The US and European space agencies are about to begin an audacious effort to bring samples of Martian rock and soil back to Earth. It will involve two robotic rovers to collect the best specimens, and an elaborate delivery system to get this material home.
Scientists hope to then learn more about whether life has ever existed on the Red Planet by studying the samples using techniques that are only available in Earth laboratories.
A new rover built by Nasa and named Perseverance will land on Mars in February 2021 using the "sky crane" method. A giant parachute and rocket motors will slow the mission’s descent before the rover is lowered to the surface using cables.
Perseverance – a six-wheeled robotic machine with 23 cameras and a drill – will seek signs of ancient life in a large crater called Jezero. It will collect rock and soil samples that look like they may have been altered by contact with micro-organisms.
The rover will store its samples in metal canisters – but leave them behind on the Martian surface to continue its mission. Perserverance’s plutonium-based power supply could keep the rover trundling around Mars for 10 years or more.
Later this decade – after 2026 – a second, smaller rover, to be built by the European Space Agency (Esa), will arrive on Mars. This "fetch rover" will travel across the surface picking up the sample canisters left behind by Perseverance.
The canisters will be loaded into a protective container and placed into a small rocket – the Mars Ascent Vehicle or MAV. This will blast into the sky, placing the container into orbit around Mars.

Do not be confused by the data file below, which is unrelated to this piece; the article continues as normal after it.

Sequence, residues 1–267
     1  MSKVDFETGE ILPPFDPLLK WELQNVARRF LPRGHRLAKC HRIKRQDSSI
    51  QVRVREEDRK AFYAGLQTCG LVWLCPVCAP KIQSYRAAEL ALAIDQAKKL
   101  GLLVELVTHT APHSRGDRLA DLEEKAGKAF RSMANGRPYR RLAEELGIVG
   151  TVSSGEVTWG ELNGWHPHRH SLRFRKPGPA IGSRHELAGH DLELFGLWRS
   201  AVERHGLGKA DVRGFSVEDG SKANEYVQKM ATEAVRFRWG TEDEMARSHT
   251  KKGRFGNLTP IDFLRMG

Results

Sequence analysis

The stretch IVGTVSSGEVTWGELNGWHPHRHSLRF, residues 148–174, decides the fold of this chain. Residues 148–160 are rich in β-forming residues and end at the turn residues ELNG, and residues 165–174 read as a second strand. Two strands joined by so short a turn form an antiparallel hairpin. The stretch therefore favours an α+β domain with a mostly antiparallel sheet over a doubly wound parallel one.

The sample container will be met in orbit and caught by a European satellite. This "return orbiter" will act like a cargo ship, bringing the precious rock and soil specimens back to Earth.
We don’t expect the satellite to arrive home until at least 2031, by which time the sample container will have been packaged in a heavily protected capsule, to be sent into Earth’s atmosphere to land in North America.
Scientists will then study the rocks and soil using advanced techniques, including some that have yet to be invented because there should be enough material to investigate for decades ahead. The samples will shed light on Mars’ history and whether it has ever supported microbial lifeforms.
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Illustrations by Gerry Fletcher
Produced by: Jonathan Amos, Tom Housden, Shilpa Saraf and Evisa Terziu